Why do Russians Hate Americans
This is something that one of my New Zealand friends asked me about just a couple of days ago. I had to scratch my head and think. It is a hard question because I don’t hate America or Americans, in fact I think “hate” is a very strong word to throw it around lightly. To hate someone you have to have a very good reason indeed.
So, I went home and thought for a while trying to decide if the question actually makes sense… And having thought and looked around I would say that healthy majority of Russians don’t actually hate America but many (I think it is quite a significant number) now dislike it. The thing is that just 10 years ago most people in Russia actually liked America and thought of it to be a wonderful place to be. So what happened here.
I am not claiming to be a major expert in political relationships so what I say below is mostly my own opinions based on personal experience, things I’ve read, watched and listened. I do believe this to be true but if you find some of my opinions contradictory let me know. Anyway, here it comes.
I think if you talk to Russians, you’ll find that majority feel that the countries of the West and especially America found it very convenient not to have a strong Russia after the break up of USSR. Some general details can be found in all knowing Wikipedia http://en.wikipedia.org/wiki/History_of_post-Soviet_Russia. Many Russians believe that it was a huge mistake to let American advisers into the country to “help” with reforms. As a result of “shock therapy” the amount of stolen resources and goods during this time is just unbelievable. And many believe that many western companies profited from this. In any case no one came and helped when the country was in dire need.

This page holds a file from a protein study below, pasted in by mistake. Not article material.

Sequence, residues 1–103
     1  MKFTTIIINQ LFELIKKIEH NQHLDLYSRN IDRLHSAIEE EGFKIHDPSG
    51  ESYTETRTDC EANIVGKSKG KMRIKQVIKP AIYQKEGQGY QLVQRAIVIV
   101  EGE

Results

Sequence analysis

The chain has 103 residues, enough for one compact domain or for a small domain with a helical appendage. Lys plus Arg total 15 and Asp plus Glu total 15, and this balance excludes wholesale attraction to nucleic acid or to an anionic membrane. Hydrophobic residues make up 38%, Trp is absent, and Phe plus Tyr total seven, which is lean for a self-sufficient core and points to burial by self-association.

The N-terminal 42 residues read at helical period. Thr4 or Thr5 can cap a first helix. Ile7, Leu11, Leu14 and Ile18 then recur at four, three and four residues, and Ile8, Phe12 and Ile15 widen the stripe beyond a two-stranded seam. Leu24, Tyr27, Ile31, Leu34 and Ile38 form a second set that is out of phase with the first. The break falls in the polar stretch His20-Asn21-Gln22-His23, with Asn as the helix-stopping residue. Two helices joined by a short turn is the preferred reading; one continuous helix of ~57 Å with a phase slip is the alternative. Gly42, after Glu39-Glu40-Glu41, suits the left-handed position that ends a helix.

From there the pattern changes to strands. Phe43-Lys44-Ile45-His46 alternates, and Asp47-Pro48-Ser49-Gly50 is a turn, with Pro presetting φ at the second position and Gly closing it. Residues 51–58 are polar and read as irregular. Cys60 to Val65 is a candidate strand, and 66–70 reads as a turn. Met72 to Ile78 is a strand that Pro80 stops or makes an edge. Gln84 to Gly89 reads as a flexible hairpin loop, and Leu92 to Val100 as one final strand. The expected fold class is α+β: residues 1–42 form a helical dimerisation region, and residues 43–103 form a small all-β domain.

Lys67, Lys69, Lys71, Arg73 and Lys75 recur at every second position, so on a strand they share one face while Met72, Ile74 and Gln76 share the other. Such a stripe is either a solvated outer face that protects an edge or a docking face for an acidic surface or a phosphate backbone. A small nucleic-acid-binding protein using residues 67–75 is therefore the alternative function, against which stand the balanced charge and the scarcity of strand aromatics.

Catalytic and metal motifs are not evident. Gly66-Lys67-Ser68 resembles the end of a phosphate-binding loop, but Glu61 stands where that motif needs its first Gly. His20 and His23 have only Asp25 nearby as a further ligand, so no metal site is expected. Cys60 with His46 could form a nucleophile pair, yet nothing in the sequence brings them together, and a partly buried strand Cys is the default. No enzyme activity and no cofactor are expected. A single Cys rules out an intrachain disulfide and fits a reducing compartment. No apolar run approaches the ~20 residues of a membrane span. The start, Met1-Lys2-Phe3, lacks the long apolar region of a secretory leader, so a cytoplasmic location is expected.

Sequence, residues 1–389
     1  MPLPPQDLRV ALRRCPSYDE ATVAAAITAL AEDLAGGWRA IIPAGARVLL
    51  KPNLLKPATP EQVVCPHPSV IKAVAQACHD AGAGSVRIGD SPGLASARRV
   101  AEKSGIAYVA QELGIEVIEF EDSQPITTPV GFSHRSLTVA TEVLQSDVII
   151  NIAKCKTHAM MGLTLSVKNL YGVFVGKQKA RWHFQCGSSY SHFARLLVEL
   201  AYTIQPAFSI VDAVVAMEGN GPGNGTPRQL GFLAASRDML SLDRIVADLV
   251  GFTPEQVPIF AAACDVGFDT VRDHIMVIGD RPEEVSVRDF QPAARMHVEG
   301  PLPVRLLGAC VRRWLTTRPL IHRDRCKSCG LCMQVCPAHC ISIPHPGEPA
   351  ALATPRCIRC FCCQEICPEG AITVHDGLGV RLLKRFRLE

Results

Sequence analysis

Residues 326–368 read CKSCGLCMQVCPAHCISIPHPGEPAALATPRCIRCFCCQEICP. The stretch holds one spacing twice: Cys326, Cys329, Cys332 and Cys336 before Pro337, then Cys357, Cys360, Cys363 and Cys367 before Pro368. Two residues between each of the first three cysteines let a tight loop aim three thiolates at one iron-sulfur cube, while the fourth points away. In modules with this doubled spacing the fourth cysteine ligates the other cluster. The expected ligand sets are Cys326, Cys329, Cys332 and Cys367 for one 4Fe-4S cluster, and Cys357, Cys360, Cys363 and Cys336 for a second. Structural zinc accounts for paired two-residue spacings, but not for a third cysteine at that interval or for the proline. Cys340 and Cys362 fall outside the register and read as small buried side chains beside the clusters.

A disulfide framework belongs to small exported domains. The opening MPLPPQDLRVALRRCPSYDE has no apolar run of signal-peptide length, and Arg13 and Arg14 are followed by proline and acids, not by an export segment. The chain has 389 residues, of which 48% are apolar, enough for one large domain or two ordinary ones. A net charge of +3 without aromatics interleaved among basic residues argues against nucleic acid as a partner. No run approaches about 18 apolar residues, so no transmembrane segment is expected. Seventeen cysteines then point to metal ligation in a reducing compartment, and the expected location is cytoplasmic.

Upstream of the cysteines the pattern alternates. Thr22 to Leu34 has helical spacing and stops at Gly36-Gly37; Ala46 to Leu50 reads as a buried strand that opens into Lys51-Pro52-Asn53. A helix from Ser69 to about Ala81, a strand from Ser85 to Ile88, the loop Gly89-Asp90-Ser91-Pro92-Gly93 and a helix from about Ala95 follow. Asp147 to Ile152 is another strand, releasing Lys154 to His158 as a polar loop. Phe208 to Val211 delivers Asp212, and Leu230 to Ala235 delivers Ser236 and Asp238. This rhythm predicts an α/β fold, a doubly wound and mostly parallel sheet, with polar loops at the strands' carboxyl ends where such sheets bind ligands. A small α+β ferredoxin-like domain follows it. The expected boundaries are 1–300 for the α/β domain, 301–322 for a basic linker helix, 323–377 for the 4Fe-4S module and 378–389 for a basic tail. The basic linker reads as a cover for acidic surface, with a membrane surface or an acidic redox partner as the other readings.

Instead NATO was spreading to Russian borders while keeping it out at the same time. I don’t know if you are aware of that, but there was a deal made between Russia and the West (read USA) that NATO will not spread to the East. With Russia weak the deal was soon forgotten. Another fact, Russia actually asked to join NATO in 1991…
But this request was ignored while the adjacent countries were accepted in. So what does it tell Russians? That they are still considered if not an enemy, then an opponent.
That followed by the chain of coloured revolutions supported by USA really made Russians feel rather uncomfortable.
An example used in many articles circulating on the Net is the equivalent situation of having Russian weapons pointing at USA from, say, Mexico after the pro-Russian government is installed there. I think the reaction would have been very quick…
Then we have the whole Iraq/Afganistan thing. The whole war was fought because of one reason – USA trying to secure oil supplies. I am sure there is more to it than that, but you have to be blind to believe that “establishing democratic government” was anywhere close to being the reason for that war.
And if we look at the current situation, Pakistan was a safe enough place as long as it ran along with USA plans for the region, but as soon as its relationships with USA got colder and those with China warmed up we are having a nice little civil war coming up while American troops are attacking villages without sending any requests to Pakistani government. And if anyone is going to tell me that USA is trying to pursue anything but pure political interests in the region I will smile.
So, do you think that having all that going on adds to the feeling of love and respect towards United States? Not really. The divergence between the “democratic knight in shining armour” and the oil drenched political reality are so obvious that only a true American patriot is not going to see it.
Now, Georgia was yet another example of the same approach. I am not going to go into it now, but will instead do some translations of political analytics from Russian side later. I have to say, I do not believe in Russian altruism on this matter any more than in American idealism but I do believe America is at fault for meddling in the areas of the world that it has interests in and not tidying up after itself. The war in Georgia is a result of such “remote meddling” exercises.
But anyway, these are all political and economic grievances that Russia and Russians have against the USA and the West. There is also a whole other layer to this – cultural issues. There is that funny thing about most humans and most countries. Everyone always believes that their way is the best.